Fitness

Valley Forge National Historical Park offers special invitation to 4th graders and their families

All fourth grade students can visit national parks for free with the White House’s Every Kid in a Park program. Photo Courtesy of Valley Forge National Historic Park

All fourth grade students can visit national parks for free with the White House’s Every Kid in a Park program. Photo Courtesy of Valley Forge National Historic Park

By Michilea Patterson, The Mercury

KING of PRUSSIA >> Valley Forge National Historical Park is one of the many national parks fourth graders and their parents can visit for free.

This Aug. 24, 2015 photo released by the National Park Service shows fourth-graders on the grounds of Samuel W. Tucker Elementary School in Alexandria, Va., holding passes that give them and their families free admission for one year to all national parks, with ranger Kathy Kupper from the National Park Service at left. On Tuesday, Sept. 1, the National Park Service announced an initiative called "Every Kid in a Park," which makes the annual $80 passes free for fourth-graders and their families. (AP Photo/National Park Service/Tami A. Heilemann)

This Aug. 24, 2015 photo released by the National Park Service shows fourth-graders on the grounds of Samuel W. Tucker Elementary School in Alexandria, Va., holding passes that give them and their families free admission for one year to all national parks, with ranger Kathy Kupper from the National Park Service at left.

This month, the White House started the Every Kid in a Park program which allows fourth grade students to obtain a free annual pass to the nation’s parks. The pass is good until Aug. 31, 2016. As part of the program, students are invited to experience the many activities available at Valley Forge National Historical Park.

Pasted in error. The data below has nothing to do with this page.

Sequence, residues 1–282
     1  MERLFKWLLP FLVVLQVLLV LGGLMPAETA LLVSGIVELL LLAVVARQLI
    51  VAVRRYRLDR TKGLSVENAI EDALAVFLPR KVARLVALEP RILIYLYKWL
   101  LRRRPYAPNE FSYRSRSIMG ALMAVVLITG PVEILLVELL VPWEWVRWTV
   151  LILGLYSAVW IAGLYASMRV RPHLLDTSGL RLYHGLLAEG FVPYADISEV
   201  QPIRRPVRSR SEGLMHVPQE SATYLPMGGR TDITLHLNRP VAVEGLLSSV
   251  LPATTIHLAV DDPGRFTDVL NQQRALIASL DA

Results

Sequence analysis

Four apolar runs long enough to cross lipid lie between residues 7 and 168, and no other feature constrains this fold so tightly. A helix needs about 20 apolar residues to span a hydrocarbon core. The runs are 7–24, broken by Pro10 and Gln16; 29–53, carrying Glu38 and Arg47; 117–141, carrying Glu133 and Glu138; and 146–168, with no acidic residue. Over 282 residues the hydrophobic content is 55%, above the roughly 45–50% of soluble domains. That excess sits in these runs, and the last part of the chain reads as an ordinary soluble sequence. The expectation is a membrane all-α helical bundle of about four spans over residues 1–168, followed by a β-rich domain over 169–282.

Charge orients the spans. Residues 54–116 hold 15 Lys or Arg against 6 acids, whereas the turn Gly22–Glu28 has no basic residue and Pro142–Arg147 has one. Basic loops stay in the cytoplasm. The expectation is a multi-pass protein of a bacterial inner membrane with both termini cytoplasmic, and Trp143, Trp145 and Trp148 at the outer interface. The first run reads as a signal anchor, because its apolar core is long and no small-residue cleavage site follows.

“During the National Park Service’s centennial celebration, we want everyone to get to know Valley Forge, and we’re offering a special invitation to fourth graders and their families to discover everything that Valley Forge has to offer,” said Valley Forge National Historical Park Superintendent Kate Hammond in a press release.

There are numerous ways students can experience the historical park at Valley Forge. The park has about 20 miles of hiking trails that include key historic sites. There are 21 miles of biking trails, part of which include the Schuylkill River Trail. The park even has trails for horseback riding. Ranger-led walking tours cover various historical topics such as the American Revolution. Some fun kid-specific activities at the park include becoming a junior ranger and joining the Continental Army.

Since September is National Childhood Obesity Month, the park offers several great opportunities for students to be active outdoors. About 1 in 5 children in the United States are obese according to theCenters for Disease Control and Prevention. Visiting local parks including national parks is a great way to help children get the recommended amount of physical activity which is an hour a day.

Fourth grade Students can print their free national park pass by visiting the websiteeverykidinapark.gov where they will play a game to access it. Families can also use the pass for free entry to public lands and waters across the United States. The national program is meant to help children learn while exploring the great outdoors, according to the National Park Service website www.nationalparks.org.

Fourth grade educators can print passes for all of their students. Educators include teachers, camp directors, religious group leaders and more. Teachers can download a list of educational activities that they can do with their students. These activities can be done in conjunction with Valley Forge National Historical Park and other national parks in the area.

“We hope to introduce 4th graders, their classes and families to Valley Forge; a place where they can run and play, explore and learn,” Hammond said.

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